Random things put in boxes doth not a periodic table make. So, my churlish attitude towards these faux periodic tables largely derives from what is, in effect, their black and white appreciation of Mendeleev’s masterpiece where their ought to be wonder expressed in glorious technicolor.

Now the T-shirt emblazoned “Ah – the element of surprise”, however, that IS funny.

A copy of the original article can be found via this link

Where’s the flippin’ flipping?

There’s a lot of discussion at the moment around the notion of “flipped teaching” or the “flipped classroom”. The common thread is the requirement (or opportunity) for students to do some kind of course-related work on their own, away from the classroom setting.

LCnotFC

However, there’s a problem. Some people may think I’m being picky, but I believe that sloppy usage of the phrase “flipped teaching” is significantly muddying the waters. Specifically, I worry that the notions of flipped teaching and “lecture capture” are being conflated, to the detriment of careful examination of both.

In recent days I’ve had cause to read two different articles purporting to be about flipped teaching. In both cases, the work described a comparison of attendance at a live lecture versus watching a recording of the lecture. These are investigations of the potential impact of lecture capture, but they are NOT flipped teaching. Flipping the classroom requires that there is still some face-to-face classroom task. Advocates for this approach, of which I am one, would argue that the point of moving some of the activities out of the face-to-face session is to require (or at least encourage) students to have engaged in some preparatory work that makes the subsequent contact time richer and (probably) more interactive than a traditional lecture would have been. But there has still got to be some real world encounter between an academic and their students.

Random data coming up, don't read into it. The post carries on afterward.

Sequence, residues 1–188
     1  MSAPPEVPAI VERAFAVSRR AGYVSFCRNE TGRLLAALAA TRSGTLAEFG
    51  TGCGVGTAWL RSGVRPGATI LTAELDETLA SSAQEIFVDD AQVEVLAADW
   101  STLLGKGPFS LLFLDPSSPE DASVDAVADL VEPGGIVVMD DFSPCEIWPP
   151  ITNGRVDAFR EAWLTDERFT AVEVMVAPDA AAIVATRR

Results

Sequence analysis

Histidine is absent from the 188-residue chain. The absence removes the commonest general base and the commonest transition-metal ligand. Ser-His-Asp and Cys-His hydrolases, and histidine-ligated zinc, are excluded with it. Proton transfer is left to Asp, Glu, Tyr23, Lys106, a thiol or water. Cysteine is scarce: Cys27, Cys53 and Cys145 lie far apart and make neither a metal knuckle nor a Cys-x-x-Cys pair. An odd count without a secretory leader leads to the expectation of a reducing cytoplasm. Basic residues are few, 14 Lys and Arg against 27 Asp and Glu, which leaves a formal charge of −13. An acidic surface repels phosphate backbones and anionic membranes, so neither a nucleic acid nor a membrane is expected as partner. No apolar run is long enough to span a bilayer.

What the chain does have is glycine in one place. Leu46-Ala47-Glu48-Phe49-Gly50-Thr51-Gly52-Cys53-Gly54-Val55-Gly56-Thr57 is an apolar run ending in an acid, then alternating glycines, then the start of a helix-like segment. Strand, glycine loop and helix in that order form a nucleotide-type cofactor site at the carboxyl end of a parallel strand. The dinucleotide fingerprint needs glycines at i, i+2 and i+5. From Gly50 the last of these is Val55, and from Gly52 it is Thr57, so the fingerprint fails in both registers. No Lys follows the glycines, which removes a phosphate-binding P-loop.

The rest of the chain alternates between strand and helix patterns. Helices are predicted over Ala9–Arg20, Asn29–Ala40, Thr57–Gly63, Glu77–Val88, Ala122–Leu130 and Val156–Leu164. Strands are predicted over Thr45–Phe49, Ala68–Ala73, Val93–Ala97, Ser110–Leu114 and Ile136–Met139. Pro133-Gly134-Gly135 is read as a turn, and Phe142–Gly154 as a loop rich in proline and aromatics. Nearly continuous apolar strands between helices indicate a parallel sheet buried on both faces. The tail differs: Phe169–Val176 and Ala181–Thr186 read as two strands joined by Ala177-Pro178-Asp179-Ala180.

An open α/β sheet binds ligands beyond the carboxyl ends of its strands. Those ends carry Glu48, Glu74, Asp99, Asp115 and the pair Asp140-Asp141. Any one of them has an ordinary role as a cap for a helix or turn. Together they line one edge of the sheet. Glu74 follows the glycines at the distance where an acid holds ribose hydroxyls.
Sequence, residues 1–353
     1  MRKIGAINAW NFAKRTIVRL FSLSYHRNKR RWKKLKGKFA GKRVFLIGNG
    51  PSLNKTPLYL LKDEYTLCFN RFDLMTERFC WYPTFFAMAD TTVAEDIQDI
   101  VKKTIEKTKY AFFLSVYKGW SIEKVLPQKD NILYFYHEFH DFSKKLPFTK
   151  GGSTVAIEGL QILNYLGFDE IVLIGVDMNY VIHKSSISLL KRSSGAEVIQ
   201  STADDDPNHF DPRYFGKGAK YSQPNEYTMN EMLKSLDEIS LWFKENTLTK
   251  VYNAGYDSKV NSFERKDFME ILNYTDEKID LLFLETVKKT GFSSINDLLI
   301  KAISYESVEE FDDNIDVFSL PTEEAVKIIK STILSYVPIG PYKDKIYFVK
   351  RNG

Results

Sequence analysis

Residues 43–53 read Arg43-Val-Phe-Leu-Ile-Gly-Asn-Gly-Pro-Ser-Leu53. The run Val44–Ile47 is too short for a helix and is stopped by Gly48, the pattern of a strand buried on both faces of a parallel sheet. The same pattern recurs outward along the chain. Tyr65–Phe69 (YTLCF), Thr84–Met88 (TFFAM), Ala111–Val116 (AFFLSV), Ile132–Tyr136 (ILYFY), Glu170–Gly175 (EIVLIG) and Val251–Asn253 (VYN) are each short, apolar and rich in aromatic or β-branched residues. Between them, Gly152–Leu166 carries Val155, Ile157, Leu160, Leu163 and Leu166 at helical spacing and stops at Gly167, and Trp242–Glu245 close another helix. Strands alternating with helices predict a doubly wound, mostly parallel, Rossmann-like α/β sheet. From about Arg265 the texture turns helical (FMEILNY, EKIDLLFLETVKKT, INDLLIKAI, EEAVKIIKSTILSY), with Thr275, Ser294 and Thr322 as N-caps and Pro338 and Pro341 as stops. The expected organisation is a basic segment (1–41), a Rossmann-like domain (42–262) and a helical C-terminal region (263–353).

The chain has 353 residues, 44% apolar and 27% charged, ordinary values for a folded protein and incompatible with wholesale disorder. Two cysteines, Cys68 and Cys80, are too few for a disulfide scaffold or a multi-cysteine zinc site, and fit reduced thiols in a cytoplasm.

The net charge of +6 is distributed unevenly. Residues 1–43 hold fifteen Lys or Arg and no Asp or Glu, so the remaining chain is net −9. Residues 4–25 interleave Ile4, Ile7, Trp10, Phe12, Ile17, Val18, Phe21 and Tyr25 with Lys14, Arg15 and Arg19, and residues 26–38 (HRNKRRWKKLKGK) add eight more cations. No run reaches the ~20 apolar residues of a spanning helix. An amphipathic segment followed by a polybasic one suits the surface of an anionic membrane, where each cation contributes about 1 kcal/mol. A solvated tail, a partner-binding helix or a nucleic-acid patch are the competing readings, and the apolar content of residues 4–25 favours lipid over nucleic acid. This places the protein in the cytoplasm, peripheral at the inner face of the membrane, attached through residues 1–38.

Now there is clearly overlap between lecture capture technology and flipped teaching. Tools such as Panopto can be efficient ways to prepare short videos to be watched before the face-to-face session. But not all flipped classroom preparation is necessarily video based (it might, for example, involve reading something instead). Equally, giving students the opportunity to watch a recording of a lecture they missed is a valuable catch-up tool, but this is not flipped teaching per se.

 

Taking part in a Twitter-only conference: some reflections on #PressEDconf18

pressedED18

On 29th March 2018, I participated in the Twitter-based conference, #PressEDconf18. Those who follow me on Twitter (@cjrw) may know that I am an occasional contributor to the weekly Wednesday night #LTHEchat live discussion which has been running since 2014. I am also an enthusiastic live-tweeter at conferences, usually including the official Hashtag which allow for interested parties to follow what others are saying about the event as well as facilitating aggregation using the soon-to-be-sadly-missed Storify service.

This event was slightly different from a regular conference as there was no associated physical gathering. As keynote contributor Jim Groom noted, “I’ve been to conferences that used a hashtag, but this is my first conference that is a hashtag“.

JimGroomTweet